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Tuesday, January 3, 2017

Vanity is an easy scam target

Age is a funny thing. As a nineteen-year-old bride I often felt ridiculously young in comparison to my first husband and his friends. I remember one woman saying to me, “you aren’t very smart, are you?” I thought about it and realized she was referring to my lack of street smarts. My youthful naivete and lack of experience left me ill-equipped to handle certain situations – but I was educated, well-travelled and well-read, so I could beat the pants off people ten years my senior in a trivia contest. And I took to using five-dollar words that they couldn’t understand. I didn’t have many friends in that group.

Fast forward fifteen years and I was single at thirty-four, dating someone ten years my junior. Being with my young suitor took a great deal of energy. I found I occasionally had to explain away his behavior as one would with an untrained pup. He needed to be entertained, and supervised. At times he used vocabulary I did not understand. The tide had shifted. Never did I feel as old as when I was with him.

In 2006 I fell in love with my equal, the Farmer. He is older than me, but we feel the same age most of the time. And now, with another decade past, 50 is clear on the horizon and 45 is fading away in the rear-view mirror. I’ve had silver highlights in my hair – I like to call it “Arctic Blonde” – since my early 30s. If I were single, I would probably try growing it out. But the Farmer is not ready to have a grey-haired wife. So I dye it back to my natural dark brown, every two months. 

Wrinkles have set in around my eyes and mouth and my forehead looks like a grid, despite daily moisturizing since my teens. They don’t really bother me – I find wrinkles give a face character. It’s the under-eye saddle bags that bug me. I’m not sure where this luggage came from and where it is taking me. I’ve used treatments for sagging skin, sunken eyes, dark circles and puffy lids. Nothing works. I’ve tried natural remedies, getting more sleep, eating less salt, drinking more water and cutting out wheat. The bags remain. I tried wearing more makeup, or none at all. My father’s words ring in my ears: “easy on the warpaint. I wish women would just grow old gracefully.”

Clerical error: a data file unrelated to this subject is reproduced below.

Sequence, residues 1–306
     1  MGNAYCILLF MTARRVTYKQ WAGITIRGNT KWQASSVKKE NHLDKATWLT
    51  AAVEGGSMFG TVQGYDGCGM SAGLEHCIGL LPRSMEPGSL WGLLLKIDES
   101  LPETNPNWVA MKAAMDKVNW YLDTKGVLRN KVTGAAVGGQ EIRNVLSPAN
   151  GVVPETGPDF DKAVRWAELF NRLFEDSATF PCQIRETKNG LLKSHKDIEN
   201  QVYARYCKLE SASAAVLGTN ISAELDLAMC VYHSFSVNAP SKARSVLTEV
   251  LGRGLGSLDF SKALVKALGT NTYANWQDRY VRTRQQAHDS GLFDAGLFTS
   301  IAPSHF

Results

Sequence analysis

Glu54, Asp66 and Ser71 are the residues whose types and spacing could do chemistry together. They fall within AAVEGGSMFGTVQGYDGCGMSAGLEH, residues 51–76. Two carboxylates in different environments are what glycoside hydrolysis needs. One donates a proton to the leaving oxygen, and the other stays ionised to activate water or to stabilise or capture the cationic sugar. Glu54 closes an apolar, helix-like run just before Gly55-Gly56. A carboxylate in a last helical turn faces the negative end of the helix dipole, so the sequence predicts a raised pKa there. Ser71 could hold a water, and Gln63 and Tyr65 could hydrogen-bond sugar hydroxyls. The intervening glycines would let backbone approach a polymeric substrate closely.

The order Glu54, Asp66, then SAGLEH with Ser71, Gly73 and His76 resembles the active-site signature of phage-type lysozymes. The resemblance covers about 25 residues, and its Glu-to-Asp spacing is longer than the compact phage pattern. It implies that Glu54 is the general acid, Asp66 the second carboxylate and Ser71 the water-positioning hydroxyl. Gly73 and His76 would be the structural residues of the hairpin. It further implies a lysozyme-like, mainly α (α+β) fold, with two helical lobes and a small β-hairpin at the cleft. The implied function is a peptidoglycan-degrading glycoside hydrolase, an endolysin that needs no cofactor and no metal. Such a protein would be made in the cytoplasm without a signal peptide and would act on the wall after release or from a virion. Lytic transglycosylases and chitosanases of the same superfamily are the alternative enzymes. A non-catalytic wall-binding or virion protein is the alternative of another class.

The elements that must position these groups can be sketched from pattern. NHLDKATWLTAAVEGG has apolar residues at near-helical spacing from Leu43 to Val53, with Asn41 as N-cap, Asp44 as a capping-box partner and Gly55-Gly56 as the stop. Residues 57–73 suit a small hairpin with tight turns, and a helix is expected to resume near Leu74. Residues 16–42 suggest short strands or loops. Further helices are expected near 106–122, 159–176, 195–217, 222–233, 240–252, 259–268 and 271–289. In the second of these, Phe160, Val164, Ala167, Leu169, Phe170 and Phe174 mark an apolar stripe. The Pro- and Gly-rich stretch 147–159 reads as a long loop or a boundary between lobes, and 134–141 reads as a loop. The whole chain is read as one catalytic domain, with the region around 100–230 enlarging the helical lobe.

I caught a glimpse of myself on camera and was shocked at how unhealthy those bags under my eyes make me look. A smile takes them away immediately, but the resting face reveals all. And besides, you can’t go around smiling all day. You’ll look like an idiot. I know – I’ve tried.

I may have been harping and obsessing a bit too much about my eye bags on social media, because the advertising trolls picked up on it. Soon ads for face creams, wrinkle reducers and complexion enhancers were popping up all over my news feed. One day, during a weak moment of poor judgment, I clicked on one of them.

The ads for Face Replens Eye Cream by Image Revive promised to lift, smooth and lighten the skin under my eyes. I clicked through to the website, and read the inspiring testimonials. Something in the back of my head whispered “there’s got to be a catch” but when I saw “click here for free sample!” I went ahead. The catch is you have to enter your credit card information to cover shipping and handling.

That makes it easy for the company to open an account in your name and send you product on a monthly basis, whether you want it or not. I received my free sample in early November. By Christmas, over $600 dollars had been charged to my credit card by two different skin care companies claiming to have an account in my name. When I complained that I had not agreed to repeat orders after the free sample they agreed to cancel my account. After another half hour of complaining, they agreed to refund me half of the money they had charged my credit card.


Ok, I learned my lesson. I’m going to eat healthy, sleep well, exercise and smile more. I will use coconut oil for wrinkles around my eyes and cucumber slices for puffiness. I’m going to attempt to grow old gracefully, instead of kicking and screaming all the way. 


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